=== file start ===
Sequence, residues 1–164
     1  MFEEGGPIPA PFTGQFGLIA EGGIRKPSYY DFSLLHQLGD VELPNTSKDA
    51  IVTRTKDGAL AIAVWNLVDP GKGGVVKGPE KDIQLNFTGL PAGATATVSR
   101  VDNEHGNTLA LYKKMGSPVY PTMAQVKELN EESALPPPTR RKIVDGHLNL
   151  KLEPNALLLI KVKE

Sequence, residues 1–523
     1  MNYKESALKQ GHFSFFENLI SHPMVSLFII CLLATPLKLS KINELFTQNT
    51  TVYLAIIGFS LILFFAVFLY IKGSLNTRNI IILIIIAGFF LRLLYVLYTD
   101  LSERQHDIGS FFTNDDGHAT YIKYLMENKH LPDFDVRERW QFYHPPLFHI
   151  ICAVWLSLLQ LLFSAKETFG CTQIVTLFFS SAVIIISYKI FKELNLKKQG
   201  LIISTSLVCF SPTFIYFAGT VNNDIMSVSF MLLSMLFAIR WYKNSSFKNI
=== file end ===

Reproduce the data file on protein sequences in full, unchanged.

Sequence, residues 1–164
     1  MFEEGGPIPA PFTGQFGLIA EGGIRKPSYY DFSLLHQLGD VELPNTSKDA
    51  IVTRTKDGAL AIAVWNLVDP GKGGVVKGPE KDIQLNFTGL PAGATATVSR
   101  VDNEHGNTLA LYKKMGSPVY PTMAQVKELN EESALPPPTR RKIVDGHLNL
   151  KLEPNALLLI KVKE

Sequence, residues 1–523
     1  MNYKESALKQ GHFSFFENLI SHPMVSLFII CLLATPLKLS KINELFTQNT
    51  TVYLAIIGFS LILFFAVFLY IKGSLNTRNI IILIIIAGFF LRLLYVLYTD
   101  LSERQHDIGS FFTNDDGHAT YIKYLMENKH LPDFDVRERW QFYHPPLFHI
   151  ICAVWLSLLQ LLFSAKETFG CTQIVTLFFS SAVIIISYKI FKELNLKKQG
   201  LIISTSLVCF SPTFIYFAGT VNNDIMSVSF MLLSMLFAIR WYKNSSFKNI